We commented last month on the announcement from the International Swaps and Derivatives Association (ISDA), confirming the preliminary results of its re-consultation on the implementation of pre-cessation fallbacks for derivatives referenced to LIBOR: ISDA pre-cessation fallback consensus: will this reduce legacy LIBOR risk in the derivatives market?
ISDA has now published a report summarising the responses received from the industry to the consultation, and it makes for very interesting reading.
The report explains that 91% of respondents were in favour of combining pre-cessation and permanent cessation fallbacks without optionality or flexibility, in the amended 2006 ISDA Definitions for LIBOR and a single protocol. A common reason given by market participants was the need to achieve consistency across asset classes (generally between cash and derivative markets) and between cleared and non-cleared derivative markets.
However, although the scale of consensus may at first appear overwhelming, a more detailed reading of the report reveals how delicate that consensus might be. For example, several market participants who were in favour of the pre-cessation trigger indicated that their response was conditional on achieving actual consistency; and some who were not in favour of including the pre-cessation trigger also cited consistency as their main reason (e.g. being more preferable for there to be consistency within an asset class, i.e. non-cleared derivatives, than between asset classes).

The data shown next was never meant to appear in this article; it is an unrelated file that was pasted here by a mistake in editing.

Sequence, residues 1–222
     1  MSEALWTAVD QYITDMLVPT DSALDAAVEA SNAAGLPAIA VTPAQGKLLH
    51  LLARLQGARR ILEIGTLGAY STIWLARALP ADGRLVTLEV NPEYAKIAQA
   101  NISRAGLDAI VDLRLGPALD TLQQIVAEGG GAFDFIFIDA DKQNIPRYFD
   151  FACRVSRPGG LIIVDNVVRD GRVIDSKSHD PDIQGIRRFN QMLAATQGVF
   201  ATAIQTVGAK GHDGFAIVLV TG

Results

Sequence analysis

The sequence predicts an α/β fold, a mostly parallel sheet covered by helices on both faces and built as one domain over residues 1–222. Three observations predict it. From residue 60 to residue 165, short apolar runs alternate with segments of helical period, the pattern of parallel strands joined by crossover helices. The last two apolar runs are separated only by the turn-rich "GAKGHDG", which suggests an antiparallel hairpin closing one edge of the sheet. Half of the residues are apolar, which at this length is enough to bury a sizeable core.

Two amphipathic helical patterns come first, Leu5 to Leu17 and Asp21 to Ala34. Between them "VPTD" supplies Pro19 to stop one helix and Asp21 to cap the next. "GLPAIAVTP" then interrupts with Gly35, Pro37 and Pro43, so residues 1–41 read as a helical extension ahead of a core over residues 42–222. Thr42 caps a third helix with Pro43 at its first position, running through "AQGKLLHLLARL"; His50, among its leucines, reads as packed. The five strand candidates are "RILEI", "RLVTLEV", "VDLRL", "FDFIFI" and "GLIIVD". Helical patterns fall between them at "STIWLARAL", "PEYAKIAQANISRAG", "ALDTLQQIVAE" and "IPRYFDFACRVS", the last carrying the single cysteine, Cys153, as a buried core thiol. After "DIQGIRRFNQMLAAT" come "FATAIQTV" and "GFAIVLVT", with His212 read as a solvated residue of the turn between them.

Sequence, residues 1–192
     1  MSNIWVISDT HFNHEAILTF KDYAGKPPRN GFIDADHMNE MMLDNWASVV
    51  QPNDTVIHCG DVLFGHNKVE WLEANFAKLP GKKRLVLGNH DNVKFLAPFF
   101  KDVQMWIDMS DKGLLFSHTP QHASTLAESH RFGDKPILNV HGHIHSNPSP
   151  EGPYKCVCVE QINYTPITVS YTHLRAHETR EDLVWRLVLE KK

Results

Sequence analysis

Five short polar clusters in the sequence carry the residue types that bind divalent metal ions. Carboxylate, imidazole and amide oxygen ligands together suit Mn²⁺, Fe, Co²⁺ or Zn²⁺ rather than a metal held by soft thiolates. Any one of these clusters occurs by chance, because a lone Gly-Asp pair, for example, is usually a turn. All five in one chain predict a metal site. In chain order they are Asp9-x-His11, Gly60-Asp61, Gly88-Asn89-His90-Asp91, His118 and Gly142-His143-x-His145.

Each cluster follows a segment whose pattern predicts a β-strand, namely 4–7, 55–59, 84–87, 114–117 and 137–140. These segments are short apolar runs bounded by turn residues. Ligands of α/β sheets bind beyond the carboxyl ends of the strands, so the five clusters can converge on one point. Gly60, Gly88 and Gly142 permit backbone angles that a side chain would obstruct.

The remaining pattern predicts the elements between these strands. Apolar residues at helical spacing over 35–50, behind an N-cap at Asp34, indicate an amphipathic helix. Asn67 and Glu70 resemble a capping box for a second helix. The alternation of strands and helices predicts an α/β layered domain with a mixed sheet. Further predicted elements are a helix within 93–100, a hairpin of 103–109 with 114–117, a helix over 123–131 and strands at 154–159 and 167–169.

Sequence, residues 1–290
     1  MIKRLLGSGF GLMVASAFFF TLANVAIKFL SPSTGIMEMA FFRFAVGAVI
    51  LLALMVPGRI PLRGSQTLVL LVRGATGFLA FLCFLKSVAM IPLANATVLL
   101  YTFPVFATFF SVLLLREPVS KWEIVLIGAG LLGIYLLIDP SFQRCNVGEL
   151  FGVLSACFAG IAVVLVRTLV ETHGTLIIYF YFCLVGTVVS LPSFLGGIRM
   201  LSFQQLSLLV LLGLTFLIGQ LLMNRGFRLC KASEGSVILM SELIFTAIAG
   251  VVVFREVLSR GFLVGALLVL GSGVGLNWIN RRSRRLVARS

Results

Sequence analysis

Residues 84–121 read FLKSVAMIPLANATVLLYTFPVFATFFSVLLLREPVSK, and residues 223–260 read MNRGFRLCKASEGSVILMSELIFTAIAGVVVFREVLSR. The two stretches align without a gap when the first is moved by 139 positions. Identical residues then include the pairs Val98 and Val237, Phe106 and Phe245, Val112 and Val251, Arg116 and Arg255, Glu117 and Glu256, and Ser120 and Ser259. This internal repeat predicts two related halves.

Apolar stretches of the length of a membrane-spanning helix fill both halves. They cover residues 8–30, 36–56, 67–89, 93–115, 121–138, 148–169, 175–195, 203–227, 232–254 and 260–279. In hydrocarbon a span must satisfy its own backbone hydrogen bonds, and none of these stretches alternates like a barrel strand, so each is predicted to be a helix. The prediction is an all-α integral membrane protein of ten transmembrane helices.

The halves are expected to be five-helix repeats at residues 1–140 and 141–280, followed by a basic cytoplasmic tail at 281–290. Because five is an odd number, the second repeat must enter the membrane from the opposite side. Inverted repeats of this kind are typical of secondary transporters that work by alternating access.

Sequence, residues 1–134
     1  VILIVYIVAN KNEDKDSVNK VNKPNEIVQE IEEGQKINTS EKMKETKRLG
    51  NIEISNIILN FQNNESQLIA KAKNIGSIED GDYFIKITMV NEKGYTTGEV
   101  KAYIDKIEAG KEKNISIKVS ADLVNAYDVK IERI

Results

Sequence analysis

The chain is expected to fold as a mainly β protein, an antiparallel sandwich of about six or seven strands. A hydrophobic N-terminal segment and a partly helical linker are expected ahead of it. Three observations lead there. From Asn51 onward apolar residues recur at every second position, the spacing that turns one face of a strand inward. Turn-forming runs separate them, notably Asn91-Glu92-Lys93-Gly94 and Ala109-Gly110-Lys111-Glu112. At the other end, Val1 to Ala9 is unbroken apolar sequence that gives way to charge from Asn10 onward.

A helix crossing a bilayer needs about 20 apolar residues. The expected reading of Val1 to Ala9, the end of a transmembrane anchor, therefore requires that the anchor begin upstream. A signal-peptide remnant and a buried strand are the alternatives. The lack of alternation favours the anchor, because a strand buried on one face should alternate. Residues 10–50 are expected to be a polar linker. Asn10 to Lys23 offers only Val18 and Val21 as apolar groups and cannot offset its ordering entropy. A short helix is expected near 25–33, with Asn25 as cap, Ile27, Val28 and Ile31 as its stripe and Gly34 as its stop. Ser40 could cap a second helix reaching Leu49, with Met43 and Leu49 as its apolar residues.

It is unsurprising that the desire for consistency from the market is the driving force behind industry views on pre-cessation triggers. Indeed, we have discussed in our previous blog posts that basis risk creating mismatches between different parts of a party’s portfolio, and the impact of a single fallback with no optionality on protocol adherence, were likely to be key factors for market participants.
The upshot is that many respondents who would agree on the importance of consistency as a high level principle have still answered differently in response to the consultation, in part because of slightly different perspectives on how the ISDA consultation fits in with wider industry efforts (which are ongoing). Despite this fact, ISDA has confirmed that it expects to move forward on the basis of both permanent and pre-cessation triggers in the amended definitions and a single protocol. Attention will no doubt turn to the impact of this result on the efforts in other markets, and whether some measure of consistency with the derivative markets can be achieved.